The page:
5.2 Single causative morphemes

In this section, I will look more carefully at how the native speakers reflected on the stimulus words. Some linguists might regard the analysis of very complex words as bizarre, as such words are infrequent or outright inexistent; clearly they are strange to the native speakers. However, note once more that the point of the whole experiment is to compare the behavior of the native speakers within the experimental categories (complexity classes) and not to claim on any normative or empirical grounds that these items should be 'normal words in modern Finnish'. We are not attempting to study a set of words in contemporary Finnish, but to find a reason why there are such differences between the experimental groups (Figure 1).

Before looking at the complex causatives, it makes sense to make sure that the participants analyzed simple causatives as causatives. There were five stimulus words in the dataset which constituted a monomorphemic root stem suffixed with a causative suffix, villattaa 'to cause to have/be wool', aamuttaa 'to cause to have/be a morning', lauluttaa 'to cause to produce a song', mitattaa 'to cause to have/be a measure' and häivyttää 'to cause to disappear'. Approximately half of these items were analyzed as causatives, whereas the frequency of the habituative interpretation was ten times less, 0.05. The rest of the analyses were either completely missing, more general event descriptions, synonyms, or unclear cases. For example, the word villattaa was interpreted as 'to cover with a coat' (verbal report number 61 and 63-66 in the corpus) or 'to make wool' (VRN 69). There was only one habituative reading 'to feel like touching wool' (VRN 67), while two participants did not provide a semantic analysis at all. Some subjects were aware of both the causative and habituative reading (VRN 173). The causative verb mitattaa was analyzed as a causative by five participants (VRN 200-203, 207) and as both causative and habituative by one participant (VRN 208), while three participants did not provide an analysis at all. Only two participants perceived aamu-ttaa as a causative (VRN 741, 745). The rest interpreted this word as some kind of event description involving morning (VRN 737, 739-740), while four participants did not analyze this item at all.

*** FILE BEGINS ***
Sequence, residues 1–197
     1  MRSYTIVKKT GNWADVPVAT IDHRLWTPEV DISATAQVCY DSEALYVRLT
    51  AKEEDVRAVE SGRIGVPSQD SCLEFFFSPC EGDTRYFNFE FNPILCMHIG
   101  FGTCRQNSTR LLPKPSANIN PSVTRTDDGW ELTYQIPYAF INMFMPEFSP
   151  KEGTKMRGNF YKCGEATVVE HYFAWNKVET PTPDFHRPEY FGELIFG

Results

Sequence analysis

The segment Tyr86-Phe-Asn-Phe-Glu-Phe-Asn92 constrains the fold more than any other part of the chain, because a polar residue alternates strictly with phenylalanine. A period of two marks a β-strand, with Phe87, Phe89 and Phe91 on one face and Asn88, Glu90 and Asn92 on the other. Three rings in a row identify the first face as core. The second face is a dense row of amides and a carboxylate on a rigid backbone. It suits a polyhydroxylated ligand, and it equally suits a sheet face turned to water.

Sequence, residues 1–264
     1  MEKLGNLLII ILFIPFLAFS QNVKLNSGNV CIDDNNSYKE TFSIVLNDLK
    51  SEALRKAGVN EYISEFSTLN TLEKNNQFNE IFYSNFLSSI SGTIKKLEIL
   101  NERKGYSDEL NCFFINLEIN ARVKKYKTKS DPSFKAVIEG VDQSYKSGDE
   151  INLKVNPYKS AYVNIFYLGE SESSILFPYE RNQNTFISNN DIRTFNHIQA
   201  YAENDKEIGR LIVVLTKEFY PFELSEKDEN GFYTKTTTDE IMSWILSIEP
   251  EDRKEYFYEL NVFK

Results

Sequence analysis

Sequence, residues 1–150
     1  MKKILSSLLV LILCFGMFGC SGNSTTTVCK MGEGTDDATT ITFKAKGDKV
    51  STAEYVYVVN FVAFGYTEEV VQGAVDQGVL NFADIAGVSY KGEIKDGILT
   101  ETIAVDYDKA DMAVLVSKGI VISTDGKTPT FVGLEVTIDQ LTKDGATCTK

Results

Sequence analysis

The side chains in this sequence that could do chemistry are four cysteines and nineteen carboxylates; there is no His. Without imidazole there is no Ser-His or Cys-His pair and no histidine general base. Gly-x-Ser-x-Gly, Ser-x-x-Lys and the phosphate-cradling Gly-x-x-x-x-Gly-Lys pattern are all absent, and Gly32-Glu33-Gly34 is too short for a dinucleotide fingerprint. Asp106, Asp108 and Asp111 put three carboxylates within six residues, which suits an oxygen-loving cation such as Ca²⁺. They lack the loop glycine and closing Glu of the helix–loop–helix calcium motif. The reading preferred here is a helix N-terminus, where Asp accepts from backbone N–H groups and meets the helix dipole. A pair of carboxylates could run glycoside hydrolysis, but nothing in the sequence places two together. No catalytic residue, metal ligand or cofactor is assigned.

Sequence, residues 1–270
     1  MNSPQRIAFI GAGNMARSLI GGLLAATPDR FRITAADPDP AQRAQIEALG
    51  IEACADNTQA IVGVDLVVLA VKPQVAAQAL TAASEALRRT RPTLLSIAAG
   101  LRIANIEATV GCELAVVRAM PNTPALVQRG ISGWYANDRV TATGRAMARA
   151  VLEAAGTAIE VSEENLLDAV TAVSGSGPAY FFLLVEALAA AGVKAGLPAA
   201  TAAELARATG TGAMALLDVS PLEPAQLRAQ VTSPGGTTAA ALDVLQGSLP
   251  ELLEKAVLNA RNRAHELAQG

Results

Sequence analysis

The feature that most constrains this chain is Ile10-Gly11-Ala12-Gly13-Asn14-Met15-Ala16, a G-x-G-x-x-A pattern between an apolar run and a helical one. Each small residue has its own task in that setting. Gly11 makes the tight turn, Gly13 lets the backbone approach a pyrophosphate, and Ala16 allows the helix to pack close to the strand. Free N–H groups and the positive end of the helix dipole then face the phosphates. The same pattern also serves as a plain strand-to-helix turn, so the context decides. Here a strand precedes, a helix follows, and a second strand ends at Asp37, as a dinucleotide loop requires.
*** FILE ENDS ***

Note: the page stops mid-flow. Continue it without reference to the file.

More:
One important observation emerging from these data is that even in the case of simpler words (e.g., villattaa 'to cause to be/have wool'), which are clearly possible given the word formation rules of Finnish (e.g., paaluttaa 'to cause to be/have poles'), some participants did not provide an analysis. The present experiment does not allow us to gauge the mental processes during such a silence to find out the reason for this problem. Instead, we should use more fine-grained psycholinguistic experimentation or brain-imaging methods which are more sensitive to processes that are invisible in the protocols.

The second observation concerns the particulars of the causative analyses elicited. Although in many cases the causative analysis clearly functions in the background, the participants selected a wide variety of verbs to express the situation. For instance, the verb villattaa 'to cause to be/have wool' was analyzed as 'to cause to cover with wool' and 'to cause to make wool' (perhaps 'to cause to make wool appear'). This means that a possibly large variety of different causative meanings can be projected into the same verb, suggesting that we should not pick up any of these as the underlying basic form. More generally, there is no neat isomorphism between form and meaning; both function to some extent as autonomous systems.

5.3 Double causatives within simple words

Having made sure that the participants analyzed the causative morpheme as a causative, the more interesting question concerns how they analyzed double causatives. Recall that in this experiment, a double causative word was provided right after the subjects analyzed the single causatives. It thus makes sense to compare the participants' analyses of both. This data is collected into the three tables below (Tables 2, 3, and 4).

Table 2. Single causative and double causative interpretations for the word villa-ttaa > villa-ta-ttaa. Those participants were removed who did not provide an analysis for either of these items.
Participant villa-tta-a 'wool-cau' villa-ta-tta-a 'wool-cau-cau'


Päällystää villalla seiniä.

'to cover a wall with wool'


Rakennusta kun eristetään, niin se voidaan villattaa ja pistää sen seiniin lasivillaa tai jotain muuta vastaavaa eristettä.

'when a building is insulated, one could put wool or some other stuff into its wall'

Kun tämä erityistoimenpide teetetään jollain toisella, niin se villatetaan.

'when somebody else is asked to do that operation, then we can use this word'


Niin sitten on karhunvilla. Jos joku vaikka rakentais taloa ja sit se laittais sinne vuorivilloja, niin sen vois ehkä sanoa, että se villattaa sitä.

'then there is this particular type of wool. If somebody is building a house, and puts this kind of wool into the house, then we could use this word'


No vaikka kietoa joku villaan.

'to wrap somebody in wool'

Käskeä jonkun toisen kietoa joku villaan.

'to ask somebody else to wrap somebody in wool'


Peittää villalla.

'to cover with wool'

Laittaa joku toinen peittämään villalla.

'to make somebody else cover with wool'


Kyllä mulle tästkin tulee sellanen, sellanen voisko sanoo mielleyhtymä, että jos tekee mieli vaikka kosketella jotain villaa, niin sillon sitä ihmistä villattaa. Mut ei se nyt kyllä mitään tarkota.

'this reminds me of an association, where it feels like one would like to touch wool. But it doesn't mean anything'